Tripoli , March 29 2012:
The Libyan government has produced a notably low key response to what amounts to an EU ban on aircraft . . .[restrict]from Libyan Airlines and Afriqiyah Airways from entering European airspace
Transport Ministry under-secretary Fawzi Bitamr said yesterday that in persuading the Libyan Civil Aviation Authority to stop Libyan aircraft movements into Europe, the European Commission had been acting in accordance with the International Civil Aviation Organisation rules on flight safety and airport security. Libya is one of the 186 countries that has signed up to the ICAO charter.
“The ministry is working hard to fully normalise the transportation sector, as a first goal of its contribution to achieve stability to the Libyan state during the transition period,” said Bitamr, “ and prepare a road map for governments to come, in areas such as aircraft maintenance, the provision of spare parts and the necessary service and maintenance of airports after the damage they have sustained.”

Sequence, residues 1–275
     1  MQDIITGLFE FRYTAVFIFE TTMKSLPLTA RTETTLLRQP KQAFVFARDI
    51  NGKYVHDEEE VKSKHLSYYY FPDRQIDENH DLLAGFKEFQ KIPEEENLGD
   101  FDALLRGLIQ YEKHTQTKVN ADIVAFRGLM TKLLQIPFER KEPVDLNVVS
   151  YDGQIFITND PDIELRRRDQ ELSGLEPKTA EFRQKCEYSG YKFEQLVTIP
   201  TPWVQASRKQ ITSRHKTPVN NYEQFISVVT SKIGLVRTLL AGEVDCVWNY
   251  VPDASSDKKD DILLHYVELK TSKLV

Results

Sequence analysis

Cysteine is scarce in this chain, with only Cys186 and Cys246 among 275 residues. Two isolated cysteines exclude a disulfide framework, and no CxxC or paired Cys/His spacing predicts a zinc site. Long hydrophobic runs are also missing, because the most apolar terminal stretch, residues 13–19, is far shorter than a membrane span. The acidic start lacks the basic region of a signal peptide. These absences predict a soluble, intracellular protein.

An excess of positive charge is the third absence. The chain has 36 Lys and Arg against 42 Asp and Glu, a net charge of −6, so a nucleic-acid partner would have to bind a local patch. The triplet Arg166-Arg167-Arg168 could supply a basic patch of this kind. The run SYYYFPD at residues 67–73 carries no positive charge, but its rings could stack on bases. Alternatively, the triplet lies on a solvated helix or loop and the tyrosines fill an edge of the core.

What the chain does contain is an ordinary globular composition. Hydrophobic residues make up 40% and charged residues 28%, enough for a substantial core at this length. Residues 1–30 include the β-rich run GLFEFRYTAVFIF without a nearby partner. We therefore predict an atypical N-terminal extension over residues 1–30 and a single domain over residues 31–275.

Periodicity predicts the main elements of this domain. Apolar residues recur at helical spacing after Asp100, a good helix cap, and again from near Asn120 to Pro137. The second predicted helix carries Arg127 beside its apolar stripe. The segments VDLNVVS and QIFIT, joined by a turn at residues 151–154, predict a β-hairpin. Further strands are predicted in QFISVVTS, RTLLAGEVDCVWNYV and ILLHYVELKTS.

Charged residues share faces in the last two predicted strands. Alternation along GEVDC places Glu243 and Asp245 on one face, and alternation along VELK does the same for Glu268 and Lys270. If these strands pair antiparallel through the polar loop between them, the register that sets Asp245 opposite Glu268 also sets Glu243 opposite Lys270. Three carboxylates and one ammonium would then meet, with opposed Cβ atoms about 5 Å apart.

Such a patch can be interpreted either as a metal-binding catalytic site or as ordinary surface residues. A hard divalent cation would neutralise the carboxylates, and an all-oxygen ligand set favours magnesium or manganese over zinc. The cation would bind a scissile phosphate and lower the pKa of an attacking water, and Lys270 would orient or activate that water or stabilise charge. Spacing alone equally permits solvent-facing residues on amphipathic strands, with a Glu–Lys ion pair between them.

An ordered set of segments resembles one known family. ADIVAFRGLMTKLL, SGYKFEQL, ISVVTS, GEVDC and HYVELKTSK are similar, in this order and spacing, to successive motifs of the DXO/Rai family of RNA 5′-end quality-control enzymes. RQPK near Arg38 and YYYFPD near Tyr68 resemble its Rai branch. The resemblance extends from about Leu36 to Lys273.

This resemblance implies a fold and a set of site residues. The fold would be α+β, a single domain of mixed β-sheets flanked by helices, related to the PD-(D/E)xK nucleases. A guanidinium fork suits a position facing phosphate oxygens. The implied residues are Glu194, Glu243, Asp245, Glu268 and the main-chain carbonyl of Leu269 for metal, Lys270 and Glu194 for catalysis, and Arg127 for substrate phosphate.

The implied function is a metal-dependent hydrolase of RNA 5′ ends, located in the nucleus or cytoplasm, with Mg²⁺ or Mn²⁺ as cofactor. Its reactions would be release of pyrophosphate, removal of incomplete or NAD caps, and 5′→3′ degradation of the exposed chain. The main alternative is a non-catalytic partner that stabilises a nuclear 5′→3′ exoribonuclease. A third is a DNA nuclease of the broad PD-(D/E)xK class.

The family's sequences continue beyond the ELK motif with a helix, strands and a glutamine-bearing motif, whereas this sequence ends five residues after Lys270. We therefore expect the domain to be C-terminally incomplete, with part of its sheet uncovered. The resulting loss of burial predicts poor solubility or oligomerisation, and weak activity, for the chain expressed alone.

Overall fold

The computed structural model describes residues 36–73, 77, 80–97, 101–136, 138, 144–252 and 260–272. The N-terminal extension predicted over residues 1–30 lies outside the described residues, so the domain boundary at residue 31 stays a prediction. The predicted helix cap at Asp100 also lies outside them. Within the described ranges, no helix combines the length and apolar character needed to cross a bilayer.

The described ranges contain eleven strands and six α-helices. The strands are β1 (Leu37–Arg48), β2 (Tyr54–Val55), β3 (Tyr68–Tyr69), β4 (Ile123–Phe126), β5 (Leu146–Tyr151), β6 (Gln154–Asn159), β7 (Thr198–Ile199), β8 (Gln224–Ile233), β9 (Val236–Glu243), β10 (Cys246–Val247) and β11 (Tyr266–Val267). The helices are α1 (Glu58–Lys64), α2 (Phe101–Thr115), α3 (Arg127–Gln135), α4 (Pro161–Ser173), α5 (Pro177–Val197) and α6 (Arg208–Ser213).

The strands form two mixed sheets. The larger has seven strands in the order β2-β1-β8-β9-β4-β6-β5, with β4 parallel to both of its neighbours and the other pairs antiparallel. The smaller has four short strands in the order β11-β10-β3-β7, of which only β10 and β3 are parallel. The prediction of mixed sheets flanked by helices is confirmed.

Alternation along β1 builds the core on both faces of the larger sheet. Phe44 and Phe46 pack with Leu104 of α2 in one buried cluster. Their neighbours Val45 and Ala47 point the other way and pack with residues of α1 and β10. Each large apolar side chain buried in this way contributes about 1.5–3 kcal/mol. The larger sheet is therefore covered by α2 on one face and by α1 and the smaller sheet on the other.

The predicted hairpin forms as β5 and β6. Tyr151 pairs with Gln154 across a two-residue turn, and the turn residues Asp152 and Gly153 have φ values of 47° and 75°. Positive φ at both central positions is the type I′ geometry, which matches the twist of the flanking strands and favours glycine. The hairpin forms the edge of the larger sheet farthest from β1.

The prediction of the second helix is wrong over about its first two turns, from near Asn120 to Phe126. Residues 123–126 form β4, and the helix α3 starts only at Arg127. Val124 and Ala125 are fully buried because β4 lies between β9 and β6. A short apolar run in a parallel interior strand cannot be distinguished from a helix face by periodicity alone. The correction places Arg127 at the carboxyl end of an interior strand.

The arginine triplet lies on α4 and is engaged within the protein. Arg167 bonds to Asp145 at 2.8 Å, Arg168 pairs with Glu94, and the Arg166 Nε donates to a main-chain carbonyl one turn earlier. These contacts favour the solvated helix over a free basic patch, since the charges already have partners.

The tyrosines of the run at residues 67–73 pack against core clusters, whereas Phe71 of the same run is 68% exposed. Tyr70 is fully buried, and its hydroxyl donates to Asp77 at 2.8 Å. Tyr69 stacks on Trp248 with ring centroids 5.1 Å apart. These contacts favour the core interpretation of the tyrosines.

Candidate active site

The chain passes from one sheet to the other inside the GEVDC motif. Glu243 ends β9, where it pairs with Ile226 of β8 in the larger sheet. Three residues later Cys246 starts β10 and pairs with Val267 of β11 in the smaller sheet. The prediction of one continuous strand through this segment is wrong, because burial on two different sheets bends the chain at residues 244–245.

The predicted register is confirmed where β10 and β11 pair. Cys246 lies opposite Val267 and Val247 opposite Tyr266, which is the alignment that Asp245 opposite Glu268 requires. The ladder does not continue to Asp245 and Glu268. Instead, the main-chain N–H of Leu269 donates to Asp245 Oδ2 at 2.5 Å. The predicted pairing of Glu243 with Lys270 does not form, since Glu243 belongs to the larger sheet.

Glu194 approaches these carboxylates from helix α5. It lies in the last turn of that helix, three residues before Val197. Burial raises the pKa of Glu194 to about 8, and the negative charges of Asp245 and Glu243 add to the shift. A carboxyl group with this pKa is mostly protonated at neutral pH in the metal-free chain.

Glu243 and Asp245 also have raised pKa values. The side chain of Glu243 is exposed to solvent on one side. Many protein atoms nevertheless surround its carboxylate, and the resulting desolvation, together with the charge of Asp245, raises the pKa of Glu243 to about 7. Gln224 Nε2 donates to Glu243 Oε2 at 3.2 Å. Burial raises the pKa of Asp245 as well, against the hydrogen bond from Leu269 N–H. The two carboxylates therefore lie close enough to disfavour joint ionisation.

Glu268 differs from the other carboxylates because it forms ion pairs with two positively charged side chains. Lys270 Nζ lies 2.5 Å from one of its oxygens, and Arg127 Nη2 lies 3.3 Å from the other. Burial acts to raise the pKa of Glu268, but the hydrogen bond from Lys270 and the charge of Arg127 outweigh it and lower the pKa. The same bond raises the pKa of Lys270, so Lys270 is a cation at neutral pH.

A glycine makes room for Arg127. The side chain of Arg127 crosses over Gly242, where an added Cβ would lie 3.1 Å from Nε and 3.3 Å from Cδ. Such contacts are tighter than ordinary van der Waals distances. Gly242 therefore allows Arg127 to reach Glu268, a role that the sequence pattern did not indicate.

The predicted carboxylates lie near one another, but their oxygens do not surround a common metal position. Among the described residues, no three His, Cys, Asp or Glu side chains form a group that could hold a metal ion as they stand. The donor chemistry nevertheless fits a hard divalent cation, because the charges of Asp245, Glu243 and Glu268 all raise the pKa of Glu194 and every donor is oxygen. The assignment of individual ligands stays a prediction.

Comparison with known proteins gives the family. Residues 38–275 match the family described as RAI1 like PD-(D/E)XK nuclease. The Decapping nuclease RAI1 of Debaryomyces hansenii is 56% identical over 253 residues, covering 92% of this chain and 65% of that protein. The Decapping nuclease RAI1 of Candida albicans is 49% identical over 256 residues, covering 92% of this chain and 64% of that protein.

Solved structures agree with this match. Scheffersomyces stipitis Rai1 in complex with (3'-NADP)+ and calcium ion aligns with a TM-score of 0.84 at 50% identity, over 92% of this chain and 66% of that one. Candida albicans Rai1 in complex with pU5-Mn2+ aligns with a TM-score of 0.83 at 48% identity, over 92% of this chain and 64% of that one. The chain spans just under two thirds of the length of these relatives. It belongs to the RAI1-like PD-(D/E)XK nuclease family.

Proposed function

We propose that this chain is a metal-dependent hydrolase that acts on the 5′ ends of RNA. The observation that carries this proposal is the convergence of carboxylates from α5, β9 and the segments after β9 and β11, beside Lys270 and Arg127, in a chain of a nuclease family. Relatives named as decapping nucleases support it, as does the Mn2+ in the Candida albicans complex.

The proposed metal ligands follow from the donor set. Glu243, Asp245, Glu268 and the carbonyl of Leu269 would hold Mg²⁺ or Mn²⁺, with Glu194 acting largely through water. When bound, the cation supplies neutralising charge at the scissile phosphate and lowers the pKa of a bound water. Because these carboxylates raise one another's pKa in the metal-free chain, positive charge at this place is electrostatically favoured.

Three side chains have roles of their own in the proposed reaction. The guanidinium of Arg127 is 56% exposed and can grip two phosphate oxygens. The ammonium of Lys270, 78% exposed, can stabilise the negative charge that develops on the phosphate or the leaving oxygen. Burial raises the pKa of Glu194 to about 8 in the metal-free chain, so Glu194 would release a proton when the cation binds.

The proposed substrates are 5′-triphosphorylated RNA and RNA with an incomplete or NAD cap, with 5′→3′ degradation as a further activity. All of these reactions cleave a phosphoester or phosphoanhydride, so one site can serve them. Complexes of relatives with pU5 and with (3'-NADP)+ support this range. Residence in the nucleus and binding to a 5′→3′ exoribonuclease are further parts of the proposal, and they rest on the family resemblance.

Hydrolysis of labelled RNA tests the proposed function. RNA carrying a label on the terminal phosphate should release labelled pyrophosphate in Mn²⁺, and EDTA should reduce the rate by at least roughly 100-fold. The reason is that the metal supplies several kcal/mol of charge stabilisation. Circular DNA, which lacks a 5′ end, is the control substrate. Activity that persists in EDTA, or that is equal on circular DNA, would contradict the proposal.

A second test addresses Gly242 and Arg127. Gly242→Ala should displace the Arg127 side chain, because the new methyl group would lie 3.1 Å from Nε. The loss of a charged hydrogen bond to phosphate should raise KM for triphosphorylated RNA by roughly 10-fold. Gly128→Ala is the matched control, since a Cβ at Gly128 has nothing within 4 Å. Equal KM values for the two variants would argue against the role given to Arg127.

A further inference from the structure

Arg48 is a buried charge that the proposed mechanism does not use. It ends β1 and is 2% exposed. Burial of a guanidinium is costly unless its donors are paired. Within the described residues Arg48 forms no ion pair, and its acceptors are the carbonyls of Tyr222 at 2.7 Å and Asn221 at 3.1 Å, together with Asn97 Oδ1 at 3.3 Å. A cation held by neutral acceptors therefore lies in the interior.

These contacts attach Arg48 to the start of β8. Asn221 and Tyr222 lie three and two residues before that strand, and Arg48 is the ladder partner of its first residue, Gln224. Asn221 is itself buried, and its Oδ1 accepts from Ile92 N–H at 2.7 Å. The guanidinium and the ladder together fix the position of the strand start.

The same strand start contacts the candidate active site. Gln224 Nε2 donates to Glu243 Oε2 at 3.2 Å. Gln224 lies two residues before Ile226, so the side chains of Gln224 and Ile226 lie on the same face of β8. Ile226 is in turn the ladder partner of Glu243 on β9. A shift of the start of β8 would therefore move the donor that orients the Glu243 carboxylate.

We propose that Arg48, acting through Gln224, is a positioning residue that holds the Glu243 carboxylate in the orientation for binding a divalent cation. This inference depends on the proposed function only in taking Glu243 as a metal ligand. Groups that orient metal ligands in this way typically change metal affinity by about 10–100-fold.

The under-secretary indicated that despite its best efforts, the Libyan Civil Aviation Organisation has been overwhelmed by safety and security demands. Not only was the certification of key flight deck and maintenance personnel out of date, but Brussels had serious concerns about the quality of security checks in major airports, which until recently were not under the full control of the government.
Bitamr said the coming week’s cabinet meeting would be asked to set aside a budget to address the concerns of Brussels and bring order and co-ordination to the current dislocations in civil aviation.
He emphasised that the EU decision should not be taken as a ban in the strictest sense: “It is only to prevent Libyan airplanes from landing in European airports because we failed to comply with the requirements of the EU. This does not mean that requirements of European Union are the same as requirements of the rest of the world.” [/restrict]